This leakage creep takes time so periodic inspection of the packs, making sure that there are no shorted cells insures against the problem. The cells should also be inspected for any evidence of white powder (electrolyte mixed with carbondioxide in the air to form potassium carbonate). In humid conditions this can revert back to mobile electrolyte free to creep along the negative lead. Some "salting" as this white powder is referred to, does not necessarily mean that the cell has leaked. There may have been some slight amount of residual electrolyte left on the cell during the manufacturing process. This can be removed with simple household vinegar and then washed with water after which it is dried by applying a little warmth from your heat gun..

C. Scholefield 8/29/96 <<<<
Thanks Truck.

Also thanks to you other guys too!
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Old 10-09-2019, 10:52 AM
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stay away from all pilots flying NiCad and nimh, these batts are dangerous ! anyone who flies as often as us in the dry climates will tell you a NiMh or NiCad horror story. those batts go dead without warning, they have no business being in large or small rc aircraft . todays lithium batts are robust and very powerful with tons of shelf life after a charge. and if your worried about punctures and crash worthiness then get RC Car batts with the hard case .
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Old 10-09-2019, 11:01 AM
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^There are many pilots flying sailplanes that use NiMH cells perfectly fine. They work very appropriately when maintained, and give off all the same warning signs as LiPo cells before they end their cycle. Sailplane pilots in specific use them because they do not have room inside of the fuselage for a hard case LiPo, need the additional weight, and often fly over locations with lots of dry brush where a LiPo fire can cause serious implications. Most transmitters also still use NiMH cells in them, as well as brand new hybrid cars of all things

---------------------

This generally doesn't exist with Lithium tech, though bad contacts can sometimes cause surface oxidation on the connectors.
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Old 10-09-2019, 01:21 PM
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the hybrids are using LiIon and unless your keeping the clock on the dash ticking the nimh is lame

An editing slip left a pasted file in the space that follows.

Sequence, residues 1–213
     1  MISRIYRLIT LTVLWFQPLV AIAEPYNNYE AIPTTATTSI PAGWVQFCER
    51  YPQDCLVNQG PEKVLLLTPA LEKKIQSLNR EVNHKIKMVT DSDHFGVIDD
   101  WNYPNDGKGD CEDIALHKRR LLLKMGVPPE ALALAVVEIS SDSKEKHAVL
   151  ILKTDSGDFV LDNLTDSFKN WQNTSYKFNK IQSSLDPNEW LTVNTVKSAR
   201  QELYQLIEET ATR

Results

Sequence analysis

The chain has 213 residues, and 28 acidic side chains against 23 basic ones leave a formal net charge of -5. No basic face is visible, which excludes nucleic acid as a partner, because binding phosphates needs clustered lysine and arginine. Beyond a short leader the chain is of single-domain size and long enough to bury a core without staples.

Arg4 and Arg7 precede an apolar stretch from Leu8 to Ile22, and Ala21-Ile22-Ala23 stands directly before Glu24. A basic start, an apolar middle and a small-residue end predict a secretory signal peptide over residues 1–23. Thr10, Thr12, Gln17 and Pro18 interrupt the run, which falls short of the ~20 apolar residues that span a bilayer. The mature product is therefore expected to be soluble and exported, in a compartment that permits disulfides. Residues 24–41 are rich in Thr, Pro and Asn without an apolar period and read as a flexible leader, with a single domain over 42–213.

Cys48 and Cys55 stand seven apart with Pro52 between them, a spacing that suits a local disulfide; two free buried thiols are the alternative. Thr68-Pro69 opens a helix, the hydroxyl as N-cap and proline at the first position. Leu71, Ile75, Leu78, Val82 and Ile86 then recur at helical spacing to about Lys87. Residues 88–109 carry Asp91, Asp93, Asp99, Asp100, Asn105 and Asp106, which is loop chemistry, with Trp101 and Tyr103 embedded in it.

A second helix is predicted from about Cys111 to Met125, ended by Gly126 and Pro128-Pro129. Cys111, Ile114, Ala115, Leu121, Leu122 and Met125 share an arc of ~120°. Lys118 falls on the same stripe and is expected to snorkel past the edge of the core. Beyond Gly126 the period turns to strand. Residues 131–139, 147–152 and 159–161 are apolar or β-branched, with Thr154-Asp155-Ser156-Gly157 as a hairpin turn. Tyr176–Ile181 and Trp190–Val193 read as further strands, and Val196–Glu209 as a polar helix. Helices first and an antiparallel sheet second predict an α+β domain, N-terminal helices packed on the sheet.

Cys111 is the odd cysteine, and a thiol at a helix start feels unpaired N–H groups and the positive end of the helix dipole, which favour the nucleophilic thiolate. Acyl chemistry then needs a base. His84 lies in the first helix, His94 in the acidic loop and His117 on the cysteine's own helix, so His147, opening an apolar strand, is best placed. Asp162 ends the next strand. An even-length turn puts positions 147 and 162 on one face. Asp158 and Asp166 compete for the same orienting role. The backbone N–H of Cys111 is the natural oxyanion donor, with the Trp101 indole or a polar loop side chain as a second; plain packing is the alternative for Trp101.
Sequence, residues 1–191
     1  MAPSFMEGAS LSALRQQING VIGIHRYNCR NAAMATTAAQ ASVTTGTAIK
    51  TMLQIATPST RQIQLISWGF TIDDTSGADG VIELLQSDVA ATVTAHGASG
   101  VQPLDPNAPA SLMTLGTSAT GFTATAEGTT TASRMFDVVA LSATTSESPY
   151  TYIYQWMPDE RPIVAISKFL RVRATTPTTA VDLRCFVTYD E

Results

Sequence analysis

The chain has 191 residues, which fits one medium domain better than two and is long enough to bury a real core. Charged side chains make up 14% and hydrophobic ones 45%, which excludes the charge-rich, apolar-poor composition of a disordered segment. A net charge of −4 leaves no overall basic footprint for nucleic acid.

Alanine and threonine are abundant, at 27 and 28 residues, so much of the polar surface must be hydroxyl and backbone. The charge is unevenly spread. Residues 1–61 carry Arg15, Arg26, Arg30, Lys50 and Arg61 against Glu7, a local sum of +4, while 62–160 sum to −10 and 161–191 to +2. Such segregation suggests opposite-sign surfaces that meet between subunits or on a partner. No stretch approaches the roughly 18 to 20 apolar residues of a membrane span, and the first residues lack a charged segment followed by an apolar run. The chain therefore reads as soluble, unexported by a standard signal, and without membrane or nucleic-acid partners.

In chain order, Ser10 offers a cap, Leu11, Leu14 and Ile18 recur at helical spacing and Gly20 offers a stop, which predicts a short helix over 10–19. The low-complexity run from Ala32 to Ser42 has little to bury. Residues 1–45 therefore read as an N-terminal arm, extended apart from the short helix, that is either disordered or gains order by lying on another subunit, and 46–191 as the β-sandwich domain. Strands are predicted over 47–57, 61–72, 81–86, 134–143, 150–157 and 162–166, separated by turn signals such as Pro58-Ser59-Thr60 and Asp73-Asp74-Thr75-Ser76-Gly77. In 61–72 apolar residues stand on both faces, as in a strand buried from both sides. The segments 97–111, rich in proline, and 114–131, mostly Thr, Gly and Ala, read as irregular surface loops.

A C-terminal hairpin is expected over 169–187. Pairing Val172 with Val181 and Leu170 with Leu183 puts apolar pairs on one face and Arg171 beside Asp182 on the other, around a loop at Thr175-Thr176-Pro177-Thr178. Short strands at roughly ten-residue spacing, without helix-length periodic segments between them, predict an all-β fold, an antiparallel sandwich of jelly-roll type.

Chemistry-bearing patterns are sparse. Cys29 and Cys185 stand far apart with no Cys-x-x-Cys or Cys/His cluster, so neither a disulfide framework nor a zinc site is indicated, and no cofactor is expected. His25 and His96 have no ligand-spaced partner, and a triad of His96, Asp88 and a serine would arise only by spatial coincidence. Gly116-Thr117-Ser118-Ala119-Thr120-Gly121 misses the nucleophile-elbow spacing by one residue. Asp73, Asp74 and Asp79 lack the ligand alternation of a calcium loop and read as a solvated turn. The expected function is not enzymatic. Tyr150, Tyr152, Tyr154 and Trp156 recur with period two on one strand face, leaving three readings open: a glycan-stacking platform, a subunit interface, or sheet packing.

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Old 10-09-2019, 01:43 PM
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If Nimh is lame, Nicads are even more lame. I cant think of any consumer gadget that uses either nickel chemistry anymore.
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Old 10-09-2019, 03:21 PM
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If Nimh is lame, Nicads are even more lame. I cant think of any consumer gadget that uses either nickel chemistry anymore.
Likewise most newer hybrid / all electric vehicles are using some form of Lithium battery these days though there are some holdouts.

A major problem with Nixx anything is there are so few companies still making them and quality cells can be hard to source. Certain size cells have been extinct for years. Lixx batteries have increased my battery reliability by volumes while reducing my battery expenses to a minimum. When Nixx batteries were common, I replaced quite a few batteries every year. With Lixx technology, replacement cycles are extended for several more years.
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Old 10-09-2019, 03:50 PM
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What about the eneloop bats....what do you guys think about them. I recently bought one for a transmitter to replace a failing nimh and am very happy with it so far
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Old 10-09-2019, 04:01 PM
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I still have Niml in one airplane it’s a 1/4 scale aeronca champ they are about 4 years old and still cycle within 2% of rated capacity and am not afraid of them at all
I will use them until they show signs of failing then I will go to Life/a123
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Old 10-09-2019, 04:02 PM
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What about the eneloop bats....what do you guys think about them. I recently bought one for a transmitter to replace a failing nimh and am very happy with it so far
I have an old 7c tx with them and they have worked great for years
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Old 10-09-2019, 04:16 PM
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What about the eneloop bats....what do you guys think about them. I recently bought one for a transmitter to replace a failing nimh and am very happy with it so far
I've used the eneloop batteries for years in transmitters and like them very much. They are a bit expensive though if you buy the real branded ones. They work 100% as advertised and the low self discharge rate / long service life is welcome compared to any normal Nixx type battery. These days, I prefer a LiFe battery where it can be used.